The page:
Today marks the 100th day of the nationwide protests that have rocked the country of Belarus since they erupted on 9th August. The country’s largest and longest anti-political protests against President Alexander Lukashenko and the government began leading up-to and during the 2020 elections, where-in Lukashenko claimed victory with 80% of the vote despite the national sentiment being starkly against him. The questionable victory has subsequently led to allegations of voter fraud and poll rigging, which incited the protests.
The 2020 presidential elections marked the 26th year of Lukashenko being in power, who chose to ignore the opposition’s demand for his resignation, going on to declare that he has “no intention of retiring ”. Keeping true to his word the President has shown no sign of backing down, unleashing the might of his vengeance on the protestors through an extremely violent police crackdown.
Protestors recount stories of brutal beating, detentions, torture and even rape at the hand of the Belarusian security forces that have been filmed on multiple accounts bashing and detaining peaceful protestors such as Roman Bondarenko, a protestor who was allegedly beaten to death by plainclothed officers in the capital. The death of the 31-year-old artist has added fuel to the fire raging on the streets of the Belarusian nation.
Bondarenko’s sister Volga Kucharenka posted a video on Thursday stating that Roman was either beaten at the central police department or on the way there. Bondarenko was taken to the hospital from Mink’s central police department where he died succumbing to severe head injuries. “Tonight I have found out that my brother has died in the hospital after being the whole day in the intensive care room,” Kucharenka said in the video with tears streaming down her face.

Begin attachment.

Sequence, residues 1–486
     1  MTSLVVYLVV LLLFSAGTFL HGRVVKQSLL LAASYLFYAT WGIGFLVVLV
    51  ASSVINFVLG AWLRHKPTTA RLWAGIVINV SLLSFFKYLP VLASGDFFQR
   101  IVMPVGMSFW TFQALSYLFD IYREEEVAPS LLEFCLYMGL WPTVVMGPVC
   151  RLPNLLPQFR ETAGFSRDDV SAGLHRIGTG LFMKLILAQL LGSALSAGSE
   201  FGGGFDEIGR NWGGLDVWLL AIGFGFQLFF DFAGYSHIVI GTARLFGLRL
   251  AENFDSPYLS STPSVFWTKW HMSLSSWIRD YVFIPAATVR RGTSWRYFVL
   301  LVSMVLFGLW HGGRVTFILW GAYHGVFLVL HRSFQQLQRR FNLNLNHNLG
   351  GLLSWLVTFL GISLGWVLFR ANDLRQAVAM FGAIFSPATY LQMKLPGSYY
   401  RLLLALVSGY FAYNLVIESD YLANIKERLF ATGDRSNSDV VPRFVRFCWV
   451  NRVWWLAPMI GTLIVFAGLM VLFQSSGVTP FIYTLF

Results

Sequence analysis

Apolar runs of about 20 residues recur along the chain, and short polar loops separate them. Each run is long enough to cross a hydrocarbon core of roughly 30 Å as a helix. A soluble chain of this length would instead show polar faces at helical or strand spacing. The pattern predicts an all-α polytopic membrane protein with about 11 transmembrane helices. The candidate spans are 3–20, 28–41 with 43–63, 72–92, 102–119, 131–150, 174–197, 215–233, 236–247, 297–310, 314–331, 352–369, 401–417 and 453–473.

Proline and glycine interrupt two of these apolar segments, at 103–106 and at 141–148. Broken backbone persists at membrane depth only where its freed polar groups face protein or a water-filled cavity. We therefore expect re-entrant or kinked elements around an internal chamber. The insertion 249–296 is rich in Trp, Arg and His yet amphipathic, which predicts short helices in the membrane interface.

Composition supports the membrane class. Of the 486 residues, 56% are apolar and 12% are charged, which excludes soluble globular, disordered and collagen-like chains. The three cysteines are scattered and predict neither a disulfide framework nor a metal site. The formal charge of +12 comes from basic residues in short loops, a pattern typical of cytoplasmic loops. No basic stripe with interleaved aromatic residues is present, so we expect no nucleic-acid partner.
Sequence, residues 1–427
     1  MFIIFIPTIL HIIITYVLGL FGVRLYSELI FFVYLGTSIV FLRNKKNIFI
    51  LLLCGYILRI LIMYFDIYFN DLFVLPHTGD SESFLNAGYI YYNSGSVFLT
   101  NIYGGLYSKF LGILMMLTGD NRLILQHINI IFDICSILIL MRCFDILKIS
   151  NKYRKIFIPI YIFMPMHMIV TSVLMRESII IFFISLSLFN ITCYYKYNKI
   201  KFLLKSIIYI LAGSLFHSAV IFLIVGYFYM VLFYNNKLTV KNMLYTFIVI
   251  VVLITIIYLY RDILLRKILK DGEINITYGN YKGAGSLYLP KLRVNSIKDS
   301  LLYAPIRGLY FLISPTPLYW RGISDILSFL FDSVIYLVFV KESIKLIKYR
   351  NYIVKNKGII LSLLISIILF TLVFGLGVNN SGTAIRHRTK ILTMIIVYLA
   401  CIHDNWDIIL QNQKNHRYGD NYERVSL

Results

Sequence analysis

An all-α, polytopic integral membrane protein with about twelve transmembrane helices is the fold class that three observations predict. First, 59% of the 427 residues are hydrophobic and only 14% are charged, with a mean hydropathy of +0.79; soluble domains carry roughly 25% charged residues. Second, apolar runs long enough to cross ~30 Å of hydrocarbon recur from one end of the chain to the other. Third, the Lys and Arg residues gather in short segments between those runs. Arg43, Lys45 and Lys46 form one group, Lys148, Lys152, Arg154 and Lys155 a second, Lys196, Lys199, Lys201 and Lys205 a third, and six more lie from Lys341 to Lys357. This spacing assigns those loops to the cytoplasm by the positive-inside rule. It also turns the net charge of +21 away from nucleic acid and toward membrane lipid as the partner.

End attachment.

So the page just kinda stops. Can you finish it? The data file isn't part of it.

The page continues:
On the other hand, President Alexander Lukashenko has praised the security forces who help keep him in power and the government has chosen to swiftly wash its hands of Bondarenko’s death, stating that his injuries were caused due to a street fight between Anti-government protestors and government supporters.
The death of Roman Bondarenko, Lukashenko’s pomposity and the government’s upper ignorance have further enraged the thousands of protestors lining the streets of Mink and have shown no signs of backing up. A local Ngo Viasna has reported the arrest of over 1,200 individuals amid the mass protests, pictures of officers in helmets and body armours mercilessly beating the disabled and women holding flowers, officers tear-gassing the elderly on a pension march.
The international reaction to the Belarus blunder
The reactions to Lukashenko winning the elections has been as polarised as the situation in Belarus. While fellow autocratic countries like China, Uzbekistan, Azerbaijan, Russia and Kazakhstan were quick to congratulate the President on his win, the response from the US post his victory was of near-silence as then-president Donald Trump made no public statement on Lukashenko’s self-proclaimed victory.
The European Union has now openly criticised the elections and refused to recognise the result of the elections, finally slapping sanctions on Lukashenko and his Son Viktor, blacklisting the father-son duo and another 13 members of the government, consecutively giving the green signal to freeze all assets and ban visas of the sanctioned individuals on 4th November.
- Council Implementing Decision (CFSP) 2020/1650 implementing Decision concerning restrictive measures against Belarus.
Russia, on the other hand, has promised $1.5 billion loans to the president and expressed its support in providing the alleged president with any military assistance if necessary. Being one the firsts to congratulate Lukashenko on this victory, Putin has gone on to warn the west from interjecting in Belarus’s internal affairs.
With Lukashenko and his electors standing at loggerheads, the nation of Belarus seems to be in a Stalemate. The situation has left us with fundamental Issues that make us question the very fabric of contemporary politics. Is autocracy relevant in present-day politics? why are the flag bearers of democracy and human rights choosing to stay mum in the case of Belarus? And how are nations like Russia and China choosing to openly support a ruler as brutish and power-hungry as Lenkashenko without facing any backlash from within their own sovereign states?
The world is watching in awe as a nation and its people struggle in what can be termed as a modern-day freedom struggle. The only thing now left to do is not give up or back down because when injustice becomes the law, resistance becomes a civic duty.